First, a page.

Youth In Revolt: a Conversation with Faith & Odette Duggan

As a middle-aged, middle class white guy, my thoughts on race in America are not exactly in great demand. So I wanted to speak this week with someone whose perspective was far more direct and visceral.

Faith Duggan — a native New Yorker and 19-year-old rising sophomore at Clark University in Massachusetts — is two things I decidedly am not:

Young and Black.

I’ve known Faith and her sister Isabella since birth. For our conversation, Faith was joined by her mother, my friend Odette Duggan, who is field support liaison for the New York City Department of Education, with a background in pluralism, diversity, and education management, and has been one of my wife Ferne’s closest friends since college.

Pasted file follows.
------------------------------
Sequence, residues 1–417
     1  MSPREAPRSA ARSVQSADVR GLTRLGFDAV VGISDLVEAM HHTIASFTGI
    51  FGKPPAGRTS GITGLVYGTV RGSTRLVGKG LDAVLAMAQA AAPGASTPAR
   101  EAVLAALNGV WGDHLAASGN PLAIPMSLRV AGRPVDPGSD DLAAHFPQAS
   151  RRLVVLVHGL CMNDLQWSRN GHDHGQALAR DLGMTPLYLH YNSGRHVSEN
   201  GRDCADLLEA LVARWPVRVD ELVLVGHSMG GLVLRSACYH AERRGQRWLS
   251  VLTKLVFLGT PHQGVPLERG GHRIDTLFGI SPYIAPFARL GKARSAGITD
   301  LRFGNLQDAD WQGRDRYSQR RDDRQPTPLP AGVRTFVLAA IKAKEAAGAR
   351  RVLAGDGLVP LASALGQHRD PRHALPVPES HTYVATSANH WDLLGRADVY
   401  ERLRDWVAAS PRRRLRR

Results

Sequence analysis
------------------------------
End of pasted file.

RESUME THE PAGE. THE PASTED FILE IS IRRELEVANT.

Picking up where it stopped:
The Duggan family touches on numerous, complex aspects of race in America. Odette was raised by a single mother who came from the Dominican Republic in the early Sixties. Her mother, Diana Cabrera, was a medical technician at Mount Sinai Hospital and worked tirelessly to send her to Nightingale-Bamford School, one of Manhattan’s most elite all-girls private schools, where Odette was one of only three Black students in her class. She graduated in 1983 and went on to USC (which she will tell you is another bastion of whiteness), graduating in 1987, and subsequently earning her…



Robert Edwards / The King's Necktie

Writer, filmmaker, and veteran — blogging at The King’s Necktie @TheKingsNecktie